There are two types of diabetes: type 1 and type 2, which affect approximately 26 million people in the United States alone – including a significant percentage of students at Geneseo. As a Type 1 diabetic since the age of five, Geneseo Diabetics Association President sophomore Jonathan Anderson said that after encountering other diabetics at Geneseo, he decided that it would be beneficial to have a place for those students to support one another.
In type 1 diabetes, the body does not produce insulin, a hormone needed to convert sugar and other food into energy. This causes a person’s blood glucose, or “blood sugar,” levels to remain unregulated in the body, according to the American Diabetes Association website.
“I had never seen so many diabetics in my life,” Anderson said. “I think you feel this sort of instant connection with other diabetics, because you have this sort of shared experience, even though you’ve never met.”
In fall 2013, with the help of sophomore Aaron Spector, Anderson helped found GDA in order to give those students a forum to talk about what it means to be a diabetic today, as well as what it specifically means to be a diabetic in college.
Anderson said that GDA was officially sanctioned only about six weeks ago, but decided to waste no time in getting its name out into the community and hosted the first event, “The Geneseo Diabetics Association’s First Annual Talent Show,” on April 18 in order to raise both awareness and funds for the cause.
As the philanthropy chair for Sigma Nu Chi fraternity and current GDA treasurer, Spector said that he decided to enlist the support of his fraternity brothers to prepare for the show and give the club the kick start it needed.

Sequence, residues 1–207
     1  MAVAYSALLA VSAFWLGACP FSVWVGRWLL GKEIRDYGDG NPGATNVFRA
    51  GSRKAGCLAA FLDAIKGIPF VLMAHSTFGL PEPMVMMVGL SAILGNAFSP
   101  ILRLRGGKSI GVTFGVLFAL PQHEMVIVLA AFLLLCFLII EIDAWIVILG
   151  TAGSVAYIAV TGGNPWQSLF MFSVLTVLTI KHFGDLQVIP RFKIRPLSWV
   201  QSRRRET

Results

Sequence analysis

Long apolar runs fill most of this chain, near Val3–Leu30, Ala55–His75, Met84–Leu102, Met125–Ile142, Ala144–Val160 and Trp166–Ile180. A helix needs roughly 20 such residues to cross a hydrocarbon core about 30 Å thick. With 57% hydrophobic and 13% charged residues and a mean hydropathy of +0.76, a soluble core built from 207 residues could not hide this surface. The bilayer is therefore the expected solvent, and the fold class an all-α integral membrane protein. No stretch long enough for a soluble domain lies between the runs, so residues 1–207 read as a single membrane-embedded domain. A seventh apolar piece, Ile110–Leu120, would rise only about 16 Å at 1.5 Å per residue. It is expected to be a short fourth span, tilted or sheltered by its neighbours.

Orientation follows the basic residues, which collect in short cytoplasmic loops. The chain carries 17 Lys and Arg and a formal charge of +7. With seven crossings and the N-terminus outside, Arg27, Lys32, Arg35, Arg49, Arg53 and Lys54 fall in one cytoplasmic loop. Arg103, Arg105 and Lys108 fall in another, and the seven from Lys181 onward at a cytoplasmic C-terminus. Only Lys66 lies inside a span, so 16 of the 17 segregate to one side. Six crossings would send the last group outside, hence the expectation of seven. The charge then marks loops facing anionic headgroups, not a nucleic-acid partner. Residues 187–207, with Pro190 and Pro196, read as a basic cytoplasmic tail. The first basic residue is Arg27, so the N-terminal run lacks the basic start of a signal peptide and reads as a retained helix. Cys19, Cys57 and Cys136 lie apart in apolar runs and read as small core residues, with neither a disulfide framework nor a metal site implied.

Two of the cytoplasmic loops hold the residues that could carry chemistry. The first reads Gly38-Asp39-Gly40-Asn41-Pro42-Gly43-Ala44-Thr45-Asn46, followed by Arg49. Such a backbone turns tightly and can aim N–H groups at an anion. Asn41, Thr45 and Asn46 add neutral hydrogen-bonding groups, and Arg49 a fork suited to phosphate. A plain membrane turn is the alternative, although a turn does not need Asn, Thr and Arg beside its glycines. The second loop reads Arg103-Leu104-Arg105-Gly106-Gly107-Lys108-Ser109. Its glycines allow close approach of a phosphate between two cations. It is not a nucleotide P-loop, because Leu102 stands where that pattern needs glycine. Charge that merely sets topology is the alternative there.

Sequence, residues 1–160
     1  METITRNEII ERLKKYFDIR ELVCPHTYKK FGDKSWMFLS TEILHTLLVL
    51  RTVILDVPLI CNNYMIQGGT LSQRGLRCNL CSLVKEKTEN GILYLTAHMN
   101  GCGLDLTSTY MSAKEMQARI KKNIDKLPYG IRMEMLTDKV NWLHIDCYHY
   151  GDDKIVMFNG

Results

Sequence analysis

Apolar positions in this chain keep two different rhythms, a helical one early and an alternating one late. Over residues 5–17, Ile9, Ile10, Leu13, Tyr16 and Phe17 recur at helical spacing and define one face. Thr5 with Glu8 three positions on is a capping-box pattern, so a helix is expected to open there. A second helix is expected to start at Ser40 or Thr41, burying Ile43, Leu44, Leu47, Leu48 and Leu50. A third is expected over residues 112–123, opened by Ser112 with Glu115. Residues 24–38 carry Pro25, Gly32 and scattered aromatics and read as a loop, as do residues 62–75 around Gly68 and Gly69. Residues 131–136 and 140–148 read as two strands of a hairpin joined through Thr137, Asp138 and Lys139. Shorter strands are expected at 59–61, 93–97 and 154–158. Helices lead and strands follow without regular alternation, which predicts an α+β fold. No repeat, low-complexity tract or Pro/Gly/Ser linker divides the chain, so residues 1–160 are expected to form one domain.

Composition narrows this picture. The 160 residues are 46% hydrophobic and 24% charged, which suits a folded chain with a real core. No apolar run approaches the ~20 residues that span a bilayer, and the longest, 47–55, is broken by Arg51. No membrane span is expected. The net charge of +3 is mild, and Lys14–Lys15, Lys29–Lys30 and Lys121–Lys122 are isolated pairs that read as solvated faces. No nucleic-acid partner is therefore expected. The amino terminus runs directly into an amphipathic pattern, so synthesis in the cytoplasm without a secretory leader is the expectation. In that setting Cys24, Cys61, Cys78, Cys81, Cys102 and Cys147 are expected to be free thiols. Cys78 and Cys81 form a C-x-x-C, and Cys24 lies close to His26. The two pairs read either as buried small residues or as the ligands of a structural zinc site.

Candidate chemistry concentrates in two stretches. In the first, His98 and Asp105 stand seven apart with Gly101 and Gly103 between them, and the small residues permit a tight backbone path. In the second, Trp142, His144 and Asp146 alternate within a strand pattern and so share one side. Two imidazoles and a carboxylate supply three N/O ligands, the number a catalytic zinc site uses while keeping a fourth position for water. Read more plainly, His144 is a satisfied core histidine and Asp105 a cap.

“Without Sig Nu the event would not have been possible, they really stepped up.” Spector said. “I’m so proud and so thankful for their help, they deserve a lot of credit.”
“They went above and beyond,” Anderson said. “We gave them a list of things to do on Friday, and then we came back in, like, five minutes and it was completely done. We needed them, and they were great.”
In total, 10 acts competed in the event, which incorporated a variety of unique talents, including original music by senior Atosa Ghasripoor, extreme hula hooping by freshman Ben Spaid, performances by the Slainte Irish Dancers and a Winterguard performance so big it had to be moved outside.
Anderson said the Talent Show was successful beyond their expectations, bringing in what Spector said was much more than they anticipated.
“We raised [over $800] in total, which was way more than we expected,” Spector said. “We’re really happy with it, and hopefully next year will be even better.”
Anderson said that looking to the future, GDA has three essential goals they’d like to keep in mind: to support students who currently have diabetes, to spread awareness about the disease to the campus community and to raise money to support the efforts of the American Diabetes Association.
“I think there used to be this common misconception that having diabetes comes from being out of shape, which isn’t true,” Anderson said. “Growing up, you always heard those ‘Someone had ten candy bars and ate them all, now what do they have? They have diabetes’ jokes – but I think that’s definitely changing. People are becoming more understanding and open about it.”